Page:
SBS 301 Cultural Diversity/Prof. Koptiuch         Fall 2015       Personal Memory Ethnographies

Melissa Fitz

Girls Can't Play With Boys

When I moved to a new school in Minneapolis, at recess I would look for the boys to play with. They were more fun; playing games, running around and always competing.  I have always been a sporty kid, whenever there was a ball or something to do with my hands I gravitated to those things. I enjoyed practicing my coordination, simply throwing a ball up in the air and catching it. In my past experiences, the boys were the kids who wanted to race and see who could throw the ball the furthest. So naturally I wanted to play with the boys at recess.

While I called myself an active kid growing up, I was not the most outgoing. I chose who I would approach carefully after observing their interactions with others, and their athletic skills. Unfortunately many of my fellow girls did not want to participate in playing football or other physical games the boys would play. By 5th grade I was beginning to become more confident with my athletic abilities compared to others my age. With my growing confidence, I mustered up enough courage to go ask my new fellow classmates if I could join in playing football with them.

Everyone at school knows I am the best football player. I’m not boasting about myself, I am just the fastest and I can throw the ball the furthest. The other kids want to be on my team, but I only pick the winners. My guys will beat any team we play against!

One day at recess a girl I (Sam) didn’t recognize wanted to join our game. No question, no hesitation, it is always a “No!” Girls aren’t as fast as boys and girls just don’t play football. This girl took my response with a chip on her shoulder to insure that she would prove me wrong.

The reaction I received was all too close to my deepest fear of rejection:  “oh no, you can’t play. You are a girl and girls are not as good as boys”.  There was little debate within the football posse if this new girl could play with them, although I do recall one kid spoke up to give me a try. There was almost no acknowledgement of his comment to let a girl play with them, and the football game resumed business as usual. The boys turned around continuing the game so very symbolic of their attitudes towards me. As I retreated to the playground, I accepted their rejection. I cannot say I recall any condolences from other kids or adults, but I think I was looking for any either.

Over a short period of time, I (Sam) began to notice Melissa was fearless of dirt, injury or competition. She would take the turns for other girls who didn’t want to play or she would go up against the biggest boy available just to see if, or make sure she could, take him. Finally, after Melissa hit a homerun in kickball I decided to let her play football with us at recces.  Melissa was an athlete, it took a while for me to realize that but she was almost as good as I was.

It wasn’t until I was able to show off my abilities and prove my athleticism regardless of the fact I was a girl, that the football boys noticed me. Gym class helped too, almost forcing them to pick a girl during dodgeball – everyone had to play. The boys made it clear at the time I was merely the best option for a girl. It took a few weeks, seeing me play or practicing in other recess games. Finally the boys asked me to join a team and I felt accepted by them.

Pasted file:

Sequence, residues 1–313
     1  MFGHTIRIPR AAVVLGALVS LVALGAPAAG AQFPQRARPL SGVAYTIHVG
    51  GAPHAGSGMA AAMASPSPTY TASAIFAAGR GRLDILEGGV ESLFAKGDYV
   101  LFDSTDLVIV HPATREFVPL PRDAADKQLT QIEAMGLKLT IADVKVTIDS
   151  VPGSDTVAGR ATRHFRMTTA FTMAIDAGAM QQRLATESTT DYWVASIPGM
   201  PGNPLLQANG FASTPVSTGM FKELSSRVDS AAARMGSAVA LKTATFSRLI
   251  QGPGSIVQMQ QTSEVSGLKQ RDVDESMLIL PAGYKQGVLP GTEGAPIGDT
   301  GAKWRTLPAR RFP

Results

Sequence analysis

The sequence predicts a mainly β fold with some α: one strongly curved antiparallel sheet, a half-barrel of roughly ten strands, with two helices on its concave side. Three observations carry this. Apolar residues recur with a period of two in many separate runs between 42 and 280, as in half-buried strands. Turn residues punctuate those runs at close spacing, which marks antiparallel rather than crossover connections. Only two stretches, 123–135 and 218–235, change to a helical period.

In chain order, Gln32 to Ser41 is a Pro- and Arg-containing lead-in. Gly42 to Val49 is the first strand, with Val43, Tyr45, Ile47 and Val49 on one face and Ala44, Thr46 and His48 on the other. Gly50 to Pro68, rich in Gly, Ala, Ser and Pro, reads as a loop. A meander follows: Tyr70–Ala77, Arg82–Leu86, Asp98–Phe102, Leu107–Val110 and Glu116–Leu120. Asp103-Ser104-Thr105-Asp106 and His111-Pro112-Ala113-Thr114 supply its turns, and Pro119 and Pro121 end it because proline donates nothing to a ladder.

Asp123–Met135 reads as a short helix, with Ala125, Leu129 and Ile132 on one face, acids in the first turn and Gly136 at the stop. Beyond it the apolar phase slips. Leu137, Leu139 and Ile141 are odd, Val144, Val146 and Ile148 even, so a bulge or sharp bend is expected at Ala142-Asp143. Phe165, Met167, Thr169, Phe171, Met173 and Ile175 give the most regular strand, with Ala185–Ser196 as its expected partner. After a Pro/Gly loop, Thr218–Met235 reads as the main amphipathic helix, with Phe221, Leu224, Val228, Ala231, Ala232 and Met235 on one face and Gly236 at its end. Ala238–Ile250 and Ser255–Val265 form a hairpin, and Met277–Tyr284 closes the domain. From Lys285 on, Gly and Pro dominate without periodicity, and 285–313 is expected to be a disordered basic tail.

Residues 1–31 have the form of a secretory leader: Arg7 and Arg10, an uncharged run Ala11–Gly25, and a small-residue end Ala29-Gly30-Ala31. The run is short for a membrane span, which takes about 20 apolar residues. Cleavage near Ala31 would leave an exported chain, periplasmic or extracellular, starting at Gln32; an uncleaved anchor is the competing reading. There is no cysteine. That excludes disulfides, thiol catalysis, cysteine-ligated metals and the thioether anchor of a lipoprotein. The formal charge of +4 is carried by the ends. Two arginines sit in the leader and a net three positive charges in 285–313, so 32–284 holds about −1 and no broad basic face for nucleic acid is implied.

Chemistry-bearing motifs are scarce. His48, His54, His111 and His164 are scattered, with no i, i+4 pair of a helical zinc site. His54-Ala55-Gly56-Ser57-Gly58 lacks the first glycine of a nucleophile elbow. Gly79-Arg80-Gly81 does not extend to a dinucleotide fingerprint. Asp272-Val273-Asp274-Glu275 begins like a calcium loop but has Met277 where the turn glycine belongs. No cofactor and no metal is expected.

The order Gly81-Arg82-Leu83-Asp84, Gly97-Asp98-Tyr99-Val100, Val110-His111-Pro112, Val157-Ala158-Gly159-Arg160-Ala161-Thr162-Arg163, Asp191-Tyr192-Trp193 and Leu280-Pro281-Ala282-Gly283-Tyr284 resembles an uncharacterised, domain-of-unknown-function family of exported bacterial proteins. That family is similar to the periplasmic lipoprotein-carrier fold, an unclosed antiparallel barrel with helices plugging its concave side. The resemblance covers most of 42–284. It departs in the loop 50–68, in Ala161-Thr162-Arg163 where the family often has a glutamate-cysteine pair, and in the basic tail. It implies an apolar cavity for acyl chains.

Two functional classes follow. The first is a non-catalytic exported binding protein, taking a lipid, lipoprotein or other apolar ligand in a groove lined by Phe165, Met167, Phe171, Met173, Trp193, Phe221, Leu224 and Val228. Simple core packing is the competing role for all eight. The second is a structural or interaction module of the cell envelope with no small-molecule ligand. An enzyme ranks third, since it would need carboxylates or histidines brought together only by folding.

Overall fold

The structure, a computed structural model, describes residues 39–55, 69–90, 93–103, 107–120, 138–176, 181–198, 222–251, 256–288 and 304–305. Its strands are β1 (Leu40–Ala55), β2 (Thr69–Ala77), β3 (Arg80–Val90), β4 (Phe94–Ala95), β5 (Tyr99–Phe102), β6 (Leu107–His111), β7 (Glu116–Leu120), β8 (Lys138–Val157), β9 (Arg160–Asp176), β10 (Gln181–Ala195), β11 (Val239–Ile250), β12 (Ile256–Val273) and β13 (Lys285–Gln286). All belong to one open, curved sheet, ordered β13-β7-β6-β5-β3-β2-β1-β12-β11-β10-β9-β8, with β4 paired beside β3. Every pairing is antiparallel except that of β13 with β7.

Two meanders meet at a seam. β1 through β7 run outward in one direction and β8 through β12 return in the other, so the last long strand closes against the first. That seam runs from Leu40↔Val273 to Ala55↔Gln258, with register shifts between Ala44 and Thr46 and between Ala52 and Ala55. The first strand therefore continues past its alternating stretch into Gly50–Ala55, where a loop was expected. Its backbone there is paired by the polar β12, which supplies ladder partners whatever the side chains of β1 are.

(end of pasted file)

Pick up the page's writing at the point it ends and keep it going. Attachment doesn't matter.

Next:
Once I was able to hit a few homeruns, beat them in a foot race or rough house with the boys, I was able to dismiss their doubts of my ‘worthiness’ to play with them. Things began to change, soon I was first picked and sometimes even a captain on the field. Sadly, the next girl that wanted to play wasn’t given much more compassion than I received. The boys still shut her down right away – “No girls!” I was confused as to why I was able to play yet the other girls could not, but it somehow felt like I had become one of the guys. Even I took on this mindset that girls couldn’t play with us; only rarely would I pick other girls when I had the opportunity to pick teams as the captain. I didn’t want to be scrutinized for merely giving a girl a chance to prove herself with the boys, I had to protect my status.


Gender equality is not a new subject for the United States. Women have been fighting for their rights, in many different ways for centuries. As I look over the timeline of progress women’s rights have come, I am deeply proud to be a part of such movement. I had to prove myself to play with the boys at recess just as many other woman in history had to prove to the world they are equals to men.

While women’s sports were booming, I was at an influential age with an athletic family background encouraging my participation. My family urged me to be active, and more importantly conveyed gender equality in the athletic world. My mother has a degree in women’s studies, which most definitely had an effect on my mentality. Complimented with athleticism, I was given to positive reinforcement that launched me into the world of women’s sports.

To meet kids sending me a different message than I was receiving at home, was not a deterrent for me but more of a challenge. It felt empowering to prove those questioning my ability wrong. As I reflect on the timeline on women’s suffrage, it seems to me many other women were feeling the same way about their ability in not only the athletic realm. Like any group of people being told they aren’t as good as another, there develops more drive and determination to display otherwise.

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